ST. HYACINTHE, QUEBEC – Salary remains a sticking point in negotiations between Olymel LLC and the Union of Olymel Workers in Vallée-Jonction. Workers at the pork processing plant have been on strike since April 28.

Olymel management said the company accepted a settlement proposal from the conciliation team assigned to the case by the Quebec Ministry of Labor and Social Solidarity. However, union representatives say Olymel hasn't submitted a salary proposal. Olymel’s management expressed their disappointment, saying they were “...stunned by the attitude of union representatives who abruptly decided to leave the conciliation meeting, turning their back on a proposal that could resolve the ongoing dispute.”

“This proposal of the conciliation team contained all the elements capable of rallying the two parties,” said Paul Beauchamp, first vice president at Olymel. “The attitude of union representatives is incomprehensible and will only delay the resolution of a conflict that has gone on for too long.”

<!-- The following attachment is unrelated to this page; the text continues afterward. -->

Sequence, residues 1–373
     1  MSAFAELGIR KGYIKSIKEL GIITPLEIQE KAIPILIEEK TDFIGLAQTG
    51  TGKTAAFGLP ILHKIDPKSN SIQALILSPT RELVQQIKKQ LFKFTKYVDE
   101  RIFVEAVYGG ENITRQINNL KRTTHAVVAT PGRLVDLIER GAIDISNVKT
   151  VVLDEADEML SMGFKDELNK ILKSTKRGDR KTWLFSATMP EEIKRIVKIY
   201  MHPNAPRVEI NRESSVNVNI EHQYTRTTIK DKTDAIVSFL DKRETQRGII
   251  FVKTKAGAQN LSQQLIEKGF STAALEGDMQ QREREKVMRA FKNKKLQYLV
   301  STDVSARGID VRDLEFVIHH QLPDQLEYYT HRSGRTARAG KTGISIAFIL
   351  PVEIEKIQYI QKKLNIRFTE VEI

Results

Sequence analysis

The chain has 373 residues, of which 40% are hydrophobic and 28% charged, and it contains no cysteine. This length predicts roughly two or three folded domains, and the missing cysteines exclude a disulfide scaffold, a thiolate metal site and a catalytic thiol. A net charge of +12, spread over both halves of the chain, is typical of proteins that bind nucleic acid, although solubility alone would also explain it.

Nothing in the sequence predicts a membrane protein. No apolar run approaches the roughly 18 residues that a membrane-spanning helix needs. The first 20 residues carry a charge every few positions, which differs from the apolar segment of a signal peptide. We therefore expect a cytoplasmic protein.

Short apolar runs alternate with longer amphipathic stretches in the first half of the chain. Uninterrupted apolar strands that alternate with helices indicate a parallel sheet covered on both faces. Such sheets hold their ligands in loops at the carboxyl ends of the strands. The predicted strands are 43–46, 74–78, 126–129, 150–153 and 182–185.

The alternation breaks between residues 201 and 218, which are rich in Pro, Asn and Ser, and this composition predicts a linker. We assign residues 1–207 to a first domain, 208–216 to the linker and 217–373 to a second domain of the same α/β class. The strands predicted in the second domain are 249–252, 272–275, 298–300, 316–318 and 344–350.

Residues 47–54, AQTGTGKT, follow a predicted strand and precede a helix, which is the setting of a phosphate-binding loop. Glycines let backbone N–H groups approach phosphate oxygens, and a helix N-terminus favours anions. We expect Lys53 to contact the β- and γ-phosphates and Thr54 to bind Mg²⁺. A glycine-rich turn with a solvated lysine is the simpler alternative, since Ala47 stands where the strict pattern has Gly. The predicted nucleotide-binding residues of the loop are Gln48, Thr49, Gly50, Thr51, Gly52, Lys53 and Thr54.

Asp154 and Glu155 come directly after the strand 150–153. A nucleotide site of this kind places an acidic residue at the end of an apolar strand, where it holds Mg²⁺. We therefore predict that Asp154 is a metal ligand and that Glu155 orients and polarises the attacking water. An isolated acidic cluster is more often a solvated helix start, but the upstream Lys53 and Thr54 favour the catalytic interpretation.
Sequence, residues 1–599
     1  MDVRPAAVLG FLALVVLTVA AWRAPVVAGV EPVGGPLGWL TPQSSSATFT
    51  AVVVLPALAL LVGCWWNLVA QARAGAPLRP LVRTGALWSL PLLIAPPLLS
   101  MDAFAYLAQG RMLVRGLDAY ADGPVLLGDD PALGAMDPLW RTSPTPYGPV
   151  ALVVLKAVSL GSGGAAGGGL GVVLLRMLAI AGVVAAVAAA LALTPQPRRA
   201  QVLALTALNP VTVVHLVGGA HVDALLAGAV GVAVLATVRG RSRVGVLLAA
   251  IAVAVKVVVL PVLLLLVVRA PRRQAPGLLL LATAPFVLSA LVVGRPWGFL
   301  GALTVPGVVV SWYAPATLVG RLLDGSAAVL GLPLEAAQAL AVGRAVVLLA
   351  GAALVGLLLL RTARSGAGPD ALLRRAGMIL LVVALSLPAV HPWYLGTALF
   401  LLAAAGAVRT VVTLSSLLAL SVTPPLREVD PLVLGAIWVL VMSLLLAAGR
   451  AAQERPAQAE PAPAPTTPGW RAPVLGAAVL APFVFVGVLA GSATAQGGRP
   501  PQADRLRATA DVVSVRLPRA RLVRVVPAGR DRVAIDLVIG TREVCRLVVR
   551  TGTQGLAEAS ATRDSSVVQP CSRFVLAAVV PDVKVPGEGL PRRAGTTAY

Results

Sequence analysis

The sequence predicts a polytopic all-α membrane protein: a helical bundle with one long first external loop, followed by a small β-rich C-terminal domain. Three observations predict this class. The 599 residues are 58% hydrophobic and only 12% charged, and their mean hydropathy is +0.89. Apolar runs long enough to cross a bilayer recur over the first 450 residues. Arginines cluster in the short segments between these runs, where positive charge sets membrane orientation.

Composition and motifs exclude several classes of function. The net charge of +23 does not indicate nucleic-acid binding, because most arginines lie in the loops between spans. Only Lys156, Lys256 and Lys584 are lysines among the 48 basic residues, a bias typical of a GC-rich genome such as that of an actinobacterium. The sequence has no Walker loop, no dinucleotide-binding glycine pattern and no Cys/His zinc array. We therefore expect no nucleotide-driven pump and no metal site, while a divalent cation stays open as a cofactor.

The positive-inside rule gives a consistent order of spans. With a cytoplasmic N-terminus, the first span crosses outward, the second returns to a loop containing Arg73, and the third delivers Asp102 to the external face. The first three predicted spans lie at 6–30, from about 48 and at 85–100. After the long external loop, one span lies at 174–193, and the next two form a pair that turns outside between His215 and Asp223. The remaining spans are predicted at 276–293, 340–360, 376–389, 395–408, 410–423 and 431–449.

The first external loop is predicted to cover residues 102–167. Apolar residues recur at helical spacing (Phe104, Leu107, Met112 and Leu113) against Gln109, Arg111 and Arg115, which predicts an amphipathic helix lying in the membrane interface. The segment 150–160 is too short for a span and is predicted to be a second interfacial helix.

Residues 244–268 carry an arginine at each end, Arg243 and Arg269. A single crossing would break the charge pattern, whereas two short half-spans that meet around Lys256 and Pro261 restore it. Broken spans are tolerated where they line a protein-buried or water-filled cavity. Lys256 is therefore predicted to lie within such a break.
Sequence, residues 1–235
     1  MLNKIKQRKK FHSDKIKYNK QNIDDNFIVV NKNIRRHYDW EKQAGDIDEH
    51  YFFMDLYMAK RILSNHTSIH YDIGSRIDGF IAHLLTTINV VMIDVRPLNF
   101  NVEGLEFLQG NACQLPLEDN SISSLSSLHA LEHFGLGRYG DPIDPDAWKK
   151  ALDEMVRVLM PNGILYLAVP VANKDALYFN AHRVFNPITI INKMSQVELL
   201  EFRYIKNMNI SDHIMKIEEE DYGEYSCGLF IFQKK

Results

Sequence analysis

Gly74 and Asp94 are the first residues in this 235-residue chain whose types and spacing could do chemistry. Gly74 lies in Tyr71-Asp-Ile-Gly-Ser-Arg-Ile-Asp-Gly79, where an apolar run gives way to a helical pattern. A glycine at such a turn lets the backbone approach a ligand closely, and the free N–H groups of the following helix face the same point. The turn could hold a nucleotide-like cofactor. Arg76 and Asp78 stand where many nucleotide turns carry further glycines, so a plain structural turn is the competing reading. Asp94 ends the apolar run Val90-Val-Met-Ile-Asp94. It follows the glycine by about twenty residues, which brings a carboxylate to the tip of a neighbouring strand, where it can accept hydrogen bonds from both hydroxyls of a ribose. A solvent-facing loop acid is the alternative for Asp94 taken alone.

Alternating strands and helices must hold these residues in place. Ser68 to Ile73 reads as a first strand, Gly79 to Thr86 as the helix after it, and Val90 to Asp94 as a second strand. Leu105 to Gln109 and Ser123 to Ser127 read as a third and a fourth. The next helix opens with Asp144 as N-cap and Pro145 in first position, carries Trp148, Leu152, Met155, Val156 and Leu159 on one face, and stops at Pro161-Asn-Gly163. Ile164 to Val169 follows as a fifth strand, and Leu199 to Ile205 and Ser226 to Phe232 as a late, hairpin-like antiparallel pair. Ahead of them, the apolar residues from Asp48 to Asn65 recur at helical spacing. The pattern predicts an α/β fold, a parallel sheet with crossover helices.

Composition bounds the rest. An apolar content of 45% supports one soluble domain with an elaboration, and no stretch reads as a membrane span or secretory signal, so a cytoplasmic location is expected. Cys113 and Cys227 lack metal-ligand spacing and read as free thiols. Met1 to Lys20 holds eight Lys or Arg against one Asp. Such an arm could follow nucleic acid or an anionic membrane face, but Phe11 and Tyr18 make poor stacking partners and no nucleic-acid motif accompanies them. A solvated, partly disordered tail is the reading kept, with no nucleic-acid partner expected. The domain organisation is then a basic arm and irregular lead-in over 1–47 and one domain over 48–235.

The Olymel hog slaughtering, cutting and boning plant in Vallée-Jonction, in the Beauce region, ceased operations due to the general strike called by the union. The impasse had led pork producers to urge both parties to resolve the dispute or risk the humane slaughter of market-ready hogs.

In July, Les Éleveurs de porcs du Québec, a pork producers’ group, said the number of pigs available for slaughter has increased considerably since the strike at the plant in Vallée-Jonction began. The group blamed Olymel and the union for the conditions in which the pigs are living — a high number of heavier animals confined in buildings in summer heat. The group said that while producers are doing everything to avoid culling animals, they are running out of time.

“So far, we have done everything not to hit the wall where we would face humanitarian slaughter. Every day the attitude and actions of both sides increase the speed at which we are heading towards this wall,” said David Duval, president of Éleveurs de porcs du Québec. “We are receiving more and more calls from producers for whom the situation in buildings is critical. I once again urge the union and the employers, on behalf of all breeders, to come to an agreement quickly to avoid being faced with the unthinkable.”